There’s no easy sales system that generates clients passively. Great companies with billion-dollar brands still need excellent sales professionals to secure new business.

5. Nothing works for very long. You must constantly innovate.

There’s no fool proof system, there’s no magic bullet and there are no people who just work hard without leadership. Every system will need to be refined, every cutting edge strategy will become commonplace, every hot product will cool off, every ace team member will need training.

If you expect people, systems or things to just work, you’ll be upset and constantly let down. Business requires you to juggle and there’s no such thing as a ball that just stays in the air, there are only people who get good at juggling. No one thing will work, but you’ll get better at working things.

As soon as you give up on the expectation that things just work, you suddenly embrace the challenge of dealing with more and more complexity.

6. You’re not entitled to rewards based on effort, time or passion.

You’re here to solve problems for others. Your most rewarding work will be in the service of others, delivering meaningful but challenging outcomes.

You might not get recognised for this work, the credit might go to someone else who doesn’t deserve it or the people you help might not be grateful at times. It doesn’t matter because you’re not entitled to any rewards for your work.

It just so happens you’ve already won the human lottery. By virtue of the fact you’re alive at this moment, you’re educated, have access to technology, have food and clean water, you’ve already got the rewards. You’re luckier than 99.9% of every human or animal that has walked the earth. Now it’s time to bring your A game for helping others.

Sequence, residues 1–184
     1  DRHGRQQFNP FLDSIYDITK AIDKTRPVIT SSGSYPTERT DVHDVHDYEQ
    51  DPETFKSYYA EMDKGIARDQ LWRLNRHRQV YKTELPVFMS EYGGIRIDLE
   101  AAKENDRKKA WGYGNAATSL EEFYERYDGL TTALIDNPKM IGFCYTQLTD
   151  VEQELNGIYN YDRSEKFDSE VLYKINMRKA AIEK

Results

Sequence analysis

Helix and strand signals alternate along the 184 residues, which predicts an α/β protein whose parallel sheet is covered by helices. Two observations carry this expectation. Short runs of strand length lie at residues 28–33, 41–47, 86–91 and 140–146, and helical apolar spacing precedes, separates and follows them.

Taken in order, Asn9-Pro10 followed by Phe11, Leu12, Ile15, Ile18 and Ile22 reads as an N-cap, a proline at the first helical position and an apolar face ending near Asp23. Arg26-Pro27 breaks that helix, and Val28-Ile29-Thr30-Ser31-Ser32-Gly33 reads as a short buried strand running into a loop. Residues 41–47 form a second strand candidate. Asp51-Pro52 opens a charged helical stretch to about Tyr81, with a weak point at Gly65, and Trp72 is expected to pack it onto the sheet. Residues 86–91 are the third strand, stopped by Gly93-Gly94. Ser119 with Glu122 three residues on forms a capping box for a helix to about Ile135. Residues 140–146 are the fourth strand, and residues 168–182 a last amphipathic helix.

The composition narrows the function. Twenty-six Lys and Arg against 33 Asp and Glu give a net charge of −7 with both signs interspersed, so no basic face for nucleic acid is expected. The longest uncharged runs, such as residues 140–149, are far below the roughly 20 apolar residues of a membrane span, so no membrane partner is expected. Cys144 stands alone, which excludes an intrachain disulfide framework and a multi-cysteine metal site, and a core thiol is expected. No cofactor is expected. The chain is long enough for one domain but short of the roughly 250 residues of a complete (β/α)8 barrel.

As soon as you give up on the idea that you’re doing this business for a payoff, and you just serve others as best you can and as sustainably as you can, you’ll start to gain huge satisfaction from the work itself.

7. You’re now unemployable. Entrepreneurship is addictive.

You’ve woken up a part of yourself that yearns for creativity, freedom and adventure. Despite the fact that it can be hard, lonely or unrewarding at times, something about entrepreneurship is addictive.

After getting a taste for this life in the driver’s seat, it will be almost impossible for you to go into a corporate career. You might find yourself collaborating on projects or working alongside other entrepreneurs but deep down inside you’re running your own show now.

Business is tough, but it’s great.

It’s a challenge that forces you to perform at your best and it won’t tolerate anything less. The main thing that makes business miserable is juvenile expectations. If you want it to be easy, it gets damn hard real fast. Paradoxically, if you embrace the struggle, it’s a lot more fun.

If you’re experiencing any of these things, come along to one of our half-day events this year, where you can learn how to overcome challenges in your business and accelerate its growth, and have more fun.


This article was originally published here:

About Daniel Priestley

Daniel Priestley started out as an entrepreneur at age 21 and built a multi-million dollar event, marketing and management business before the age of 25. A successful entrepreneur, international speaker and best-selling author, Daniel has built and sold businesses in Australia, Singapore and the UK. Daniel is the founder of Dent, which runs a 9-month growth accelerator programme for small enterprises, working with over 500+ entrepreneurs each year to develop their businesses. Dent has offices in the UK, USA, Singapore and Australia. Daniel uses campaigns to help raise up to $100,000 for charity each year and is connected to some of the world’s most known and celebrated entrepreneurs and leaders. With a passion for global small business, Daniel is the author of the four best-selling books Key Person of Influence, Entrepreneur Revolution, Oversubscribed and 24Assets.